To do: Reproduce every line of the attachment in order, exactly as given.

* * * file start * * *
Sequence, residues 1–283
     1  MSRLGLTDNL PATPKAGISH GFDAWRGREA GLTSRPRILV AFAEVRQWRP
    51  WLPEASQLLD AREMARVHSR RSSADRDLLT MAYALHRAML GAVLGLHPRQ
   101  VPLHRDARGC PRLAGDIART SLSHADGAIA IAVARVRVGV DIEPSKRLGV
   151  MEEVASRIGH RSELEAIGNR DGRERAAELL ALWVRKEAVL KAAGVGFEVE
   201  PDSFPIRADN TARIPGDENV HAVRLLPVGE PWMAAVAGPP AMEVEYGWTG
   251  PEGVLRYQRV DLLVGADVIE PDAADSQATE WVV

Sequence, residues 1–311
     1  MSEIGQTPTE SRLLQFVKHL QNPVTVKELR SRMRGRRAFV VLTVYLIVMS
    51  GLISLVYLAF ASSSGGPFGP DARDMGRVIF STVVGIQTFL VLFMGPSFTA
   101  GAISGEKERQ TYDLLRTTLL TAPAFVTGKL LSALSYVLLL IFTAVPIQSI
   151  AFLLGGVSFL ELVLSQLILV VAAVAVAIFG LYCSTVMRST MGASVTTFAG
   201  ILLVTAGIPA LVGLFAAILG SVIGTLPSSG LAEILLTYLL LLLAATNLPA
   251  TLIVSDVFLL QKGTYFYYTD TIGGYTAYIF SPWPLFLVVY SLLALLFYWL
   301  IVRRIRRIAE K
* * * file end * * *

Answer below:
Sequence, residues 1–283
     1  MSRLGLTDNL PATPKAGISH GFDAWRGREA GLTSRPRILV AFAEVRQWRP
    51  WLPEASQLLD AREMARVHSR RSSADRDLLT MAYALHRAML GAVLGLHPRQ
   101  VPLHRDARGC PRLAGDIART SLSHADGAIA IAVARVRVGV DIEPSKRLGV
   151  MEEVASRIGH RSELEAIGNR DGRERAAELL ALWVRKEAVL KAAGVGFEVE
   201  PDSFPIRADN TARIPGDENV HAVRLLPVGE PWMAAVAGPP AMEVEYGWTG
   251  PEGVLRYQRV DLLVGADVIE PDAADSQATE WVV

Sequence, residues 1–311
     1  MSEIGQTPTE SRLLQFVKHL QNPVTVKELR SRMRGRRAFV VLTVYLIVMS
    51  GLISLVYLAF ASSSGGPFGP DARDMGRVIF STVVGIQTFL VLFMGPSFTA
   101  GAISGEKERQ TYDLLRTTLL TAPAFVTGKL LSALSYVLLL IFTAVPIQSI
   151  AFLLGGVSFL ELVLSQLILV VAAVAVAIFG LYCSTVMRST MGASVTTFAG
   201  ILLVTAGIPA LVGLFAAILG SVIGTLPSSG LAEILLTYLL LLLAATNLPA
   251  TLIVSDVFLL QKGTYFYYTD TIGGYTAYIF SPWPLFLVVY SLLALLFYWL
   301  IVRRIRRIAE K